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Getting Ready for Finals

By Julie Hamel

With only a few weeks until the end of the semester, you may find yourself stressed out and anxious about approaching final exams! Whether this is your first semester at college, or your last, anxiety about finals is normal. There are some strategies you can use, however, so that the anxiety and stress don't prevent you from performing at your best when it's time to take that test.

Many students are working so hard towards the end of the semester that they forget to take care of their basic needs! Here are some things you might consider:

Take time for exercise. You may think that studying around the clock will help you to perform better in your classes, but taking time out for exercise may actually help you more in the long run. According to MayoClinic.com exercise has several benefits related to stress
reduction. Physical activity boosts your brain's production of endorphins, the neurotransmitters that make you feel re-energized and enhance your sense of well-being. Exercise also provides a distraction from your worries and irritations because you are forced to concentrate on your body's movement and coordination. Experts says that focusing on single, physical tasks can also help you to develop focus for the other tasks you are faced with, and help you in your ability to stay calm. Finally, regular exercise has been shown to decrease symptoms of mild depression and anxiety, and lead to an increase in self-confidence.

Eat well. Good nutrition is not always a part of every college student's life, but it is an important part of staying healthy and performing at your best. When you are rushed for time, keeping good eating habits becomes difficult. Remember that what you eat DOES affect how you feel and your ability to think and focus! Studies show that skipping breakfast has a negative impact on school achievement. Even if you don't have time for a full breakfast, try to find something that is quick, easy, and healthy like yogurt, oatmeal, bagels, juice, or fruit. Avoid lots of sugar and caffeine in the mornings. You'll feel a quick burst of energy, followed by a letdown that can make you tired, irritable and even lead to headaches and inability to concentrate. If you're putting in long hours studying, keep some healthy snacks on hand like whole wheat crackers, cheese, peanut butter, veggies, un-buttered popcorn and fruit. They won't make up for a full meal, but they'll give you more energy than soda and chips! Don't forget to drink lots of water.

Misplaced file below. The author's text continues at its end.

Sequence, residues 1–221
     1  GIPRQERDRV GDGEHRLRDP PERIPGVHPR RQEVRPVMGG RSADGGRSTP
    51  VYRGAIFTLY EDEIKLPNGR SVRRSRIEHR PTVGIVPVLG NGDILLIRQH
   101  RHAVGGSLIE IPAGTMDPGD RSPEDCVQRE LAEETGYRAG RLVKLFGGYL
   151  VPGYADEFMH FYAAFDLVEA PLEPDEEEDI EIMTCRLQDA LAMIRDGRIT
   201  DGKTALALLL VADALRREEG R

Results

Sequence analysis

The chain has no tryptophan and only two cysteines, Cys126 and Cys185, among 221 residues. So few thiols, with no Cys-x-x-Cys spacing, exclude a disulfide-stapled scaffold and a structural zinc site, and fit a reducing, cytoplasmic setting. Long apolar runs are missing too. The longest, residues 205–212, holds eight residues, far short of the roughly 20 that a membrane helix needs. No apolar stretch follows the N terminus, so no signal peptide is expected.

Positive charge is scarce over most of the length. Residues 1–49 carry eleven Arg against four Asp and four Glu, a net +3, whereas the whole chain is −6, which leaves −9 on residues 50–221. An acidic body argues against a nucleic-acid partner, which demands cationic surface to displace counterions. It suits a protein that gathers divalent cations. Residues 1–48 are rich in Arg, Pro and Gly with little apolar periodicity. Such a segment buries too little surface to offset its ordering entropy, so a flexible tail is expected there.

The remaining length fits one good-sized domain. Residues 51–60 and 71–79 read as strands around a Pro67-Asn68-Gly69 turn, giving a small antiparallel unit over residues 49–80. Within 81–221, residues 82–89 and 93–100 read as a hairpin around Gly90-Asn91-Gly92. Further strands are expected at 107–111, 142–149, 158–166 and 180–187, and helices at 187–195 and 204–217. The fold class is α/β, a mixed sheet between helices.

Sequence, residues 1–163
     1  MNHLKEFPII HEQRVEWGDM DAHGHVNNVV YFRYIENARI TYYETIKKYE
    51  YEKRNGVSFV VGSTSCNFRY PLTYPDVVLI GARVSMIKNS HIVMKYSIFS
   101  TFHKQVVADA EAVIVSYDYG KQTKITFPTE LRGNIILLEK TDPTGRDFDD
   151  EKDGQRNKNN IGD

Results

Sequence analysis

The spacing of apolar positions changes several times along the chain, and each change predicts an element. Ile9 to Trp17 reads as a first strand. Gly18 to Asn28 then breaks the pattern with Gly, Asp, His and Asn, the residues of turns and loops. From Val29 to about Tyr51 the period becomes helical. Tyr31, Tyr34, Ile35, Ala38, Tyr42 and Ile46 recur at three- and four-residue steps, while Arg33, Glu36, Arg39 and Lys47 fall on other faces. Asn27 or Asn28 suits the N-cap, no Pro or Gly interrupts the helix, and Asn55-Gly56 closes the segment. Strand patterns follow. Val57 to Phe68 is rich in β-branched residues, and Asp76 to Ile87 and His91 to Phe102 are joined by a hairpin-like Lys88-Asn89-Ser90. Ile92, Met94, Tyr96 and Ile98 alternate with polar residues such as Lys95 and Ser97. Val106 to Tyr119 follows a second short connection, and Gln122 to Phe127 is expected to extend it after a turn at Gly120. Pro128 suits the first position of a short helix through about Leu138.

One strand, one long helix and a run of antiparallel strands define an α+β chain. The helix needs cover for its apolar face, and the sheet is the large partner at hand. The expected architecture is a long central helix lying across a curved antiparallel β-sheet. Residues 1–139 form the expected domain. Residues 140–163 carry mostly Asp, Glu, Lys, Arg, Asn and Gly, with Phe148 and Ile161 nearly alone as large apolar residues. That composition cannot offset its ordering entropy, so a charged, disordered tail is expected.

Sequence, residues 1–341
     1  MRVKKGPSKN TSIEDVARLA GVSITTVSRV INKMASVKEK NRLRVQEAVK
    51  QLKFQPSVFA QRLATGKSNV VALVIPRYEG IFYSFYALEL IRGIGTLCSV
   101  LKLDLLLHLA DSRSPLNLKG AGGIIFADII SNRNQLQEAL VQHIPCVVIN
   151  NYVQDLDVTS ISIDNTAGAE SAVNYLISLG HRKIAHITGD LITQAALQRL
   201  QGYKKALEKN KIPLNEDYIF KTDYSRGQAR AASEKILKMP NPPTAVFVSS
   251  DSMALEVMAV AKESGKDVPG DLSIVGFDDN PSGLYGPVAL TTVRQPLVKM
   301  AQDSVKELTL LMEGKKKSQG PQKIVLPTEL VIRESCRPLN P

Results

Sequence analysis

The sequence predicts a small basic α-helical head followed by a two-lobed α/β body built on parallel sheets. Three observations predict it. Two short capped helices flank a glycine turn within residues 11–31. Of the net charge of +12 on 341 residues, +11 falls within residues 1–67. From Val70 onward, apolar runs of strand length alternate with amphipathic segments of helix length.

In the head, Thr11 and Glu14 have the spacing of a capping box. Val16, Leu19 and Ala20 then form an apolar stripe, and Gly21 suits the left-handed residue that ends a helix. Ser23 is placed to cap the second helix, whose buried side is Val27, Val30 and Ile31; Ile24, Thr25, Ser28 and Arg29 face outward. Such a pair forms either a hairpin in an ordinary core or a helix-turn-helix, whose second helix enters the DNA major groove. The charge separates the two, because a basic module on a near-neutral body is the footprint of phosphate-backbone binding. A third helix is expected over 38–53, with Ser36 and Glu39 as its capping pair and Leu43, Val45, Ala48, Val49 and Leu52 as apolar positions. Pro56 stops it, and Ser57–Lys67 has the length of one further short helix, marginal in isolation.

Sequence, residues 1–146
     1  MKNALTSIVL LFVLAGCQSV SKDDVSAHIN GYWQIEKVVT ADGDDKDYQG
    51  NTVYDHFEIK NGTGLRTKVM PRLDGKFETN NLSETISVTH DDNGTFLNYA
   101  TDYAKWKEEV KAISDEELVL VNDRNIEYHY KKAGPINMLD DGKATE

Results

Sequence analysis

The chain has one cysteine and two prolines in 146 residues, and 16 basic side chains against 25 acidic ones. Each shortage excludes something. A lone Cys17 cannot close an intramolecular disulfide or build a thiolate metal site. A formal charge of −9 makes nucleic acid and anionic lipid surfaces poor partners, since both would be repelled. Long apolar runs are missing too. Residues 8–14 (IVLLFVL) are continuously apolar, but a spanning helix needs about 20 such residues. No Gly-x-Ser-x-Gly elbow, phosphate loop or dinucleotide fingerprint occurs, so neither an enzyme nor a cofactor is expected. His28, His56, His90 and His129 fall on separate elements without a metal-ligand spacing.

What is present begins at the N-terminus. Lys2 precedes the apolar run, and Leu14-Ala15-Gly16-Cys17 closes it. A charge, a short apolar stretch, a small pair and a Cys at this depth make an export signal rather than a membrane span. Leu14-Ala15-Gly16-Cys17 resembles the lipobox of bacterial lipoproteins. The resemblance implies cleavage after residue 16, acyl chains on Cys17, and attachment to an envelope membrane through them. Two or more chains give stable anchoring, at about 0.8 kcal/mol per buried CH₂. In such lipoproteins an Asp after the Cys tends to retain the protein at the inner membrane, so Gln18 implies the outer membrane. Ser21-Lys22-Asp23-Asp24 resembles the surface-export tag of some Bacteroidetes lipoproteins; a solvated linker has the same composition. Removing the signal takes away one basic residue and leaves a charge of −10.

Balance your time. Few of us are good at staying focused for long periods of time. We usually become inefficient if we try to do too much for too long. Make a plan for how you will approach the big project or the final exam. Typically, fifty to ninety minutes of focused work followed by a 10-15 minute break is best for your body and your brain. Let your friends know what your study needs are. If you need quiet time, be assertive and let them know that you won't be able to see them or take phone calls for a certain time, but that you'd be glad to meet for a study break later on! A change of scenery is often good for mental concentration. Try going to the library, a coffee shop, or another distraction-free study space for part of the time. If it's nice weather, some study time in the fresh air can provide a needed mental boost.

Although you may think that all of these suggestions will take away time from your studying, they are actually proven strategies for achieving optimal health and for improving your performance on all of the important things you have to do!

As always, if you experience extreme symptoms of depression or anxiety associated with the end of the semester, please contact Counseling Services at (785) 532-6927.

© All staff articles are used by permission of the respective author(s). Copyright belongs to the University Life Café. No part of this may be used without authorization.

Getting Ready for Finals (pdf)